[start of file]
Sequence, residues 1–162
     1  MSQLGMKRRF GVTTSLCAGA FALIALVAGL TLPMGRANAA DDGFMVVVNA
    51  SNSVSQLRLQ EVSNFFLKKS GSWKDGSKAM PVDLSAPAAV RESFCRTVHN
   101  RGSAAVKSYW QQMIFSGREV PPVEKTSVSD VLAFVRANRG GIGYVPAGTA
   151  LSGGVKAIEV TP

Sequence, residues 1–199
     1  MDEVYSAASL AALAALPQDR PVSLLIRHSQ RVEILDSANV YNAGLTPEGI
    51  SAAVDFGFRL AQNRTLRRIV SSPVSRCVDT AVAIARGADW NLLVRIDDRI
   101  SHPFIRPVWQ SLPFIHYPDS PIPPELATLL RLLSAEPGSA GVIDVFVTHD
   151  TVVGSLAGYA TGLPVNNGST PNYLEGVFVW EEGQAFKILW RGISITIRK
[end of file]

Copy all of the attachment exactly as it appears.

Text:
Sequence, residues 1–162
     1  MSQLGMKRRF GVTTSLCAGA FALIALVAGL TLPMGRANAA DDGFMVVVNA
    51  SNSVSQLRLQ EVSNFFLKKS GSWKDGSKAM PVDLSAPAAV RESFCRTVHN
   101  RGSAAVKSYW QQMIFSGREV PPVEKTSVSD VLAFVRANRG GIGYVPAGTA
   151  LSGGVKAIEV TP

Sequence, residues 1–199
     1  MDEVYSAASL AALAALPQDR PVSLLIRHSQ RVEILDSANV YNAGLTPEGI
    51  SAAVDFGFRL AQNRTLRRIV SSPVSRCVDT AVAIARGADW NLLVRIDDRI
   101  SHPFIRPVWQ SLPFIHYPDS PIPPELATLL RLLSAEPGSA GVIDVFVTHD
   151  TVVGSLAGYA TGLPVNNGST PNYLEGVFVW EEGQAFKILW RGISITIRK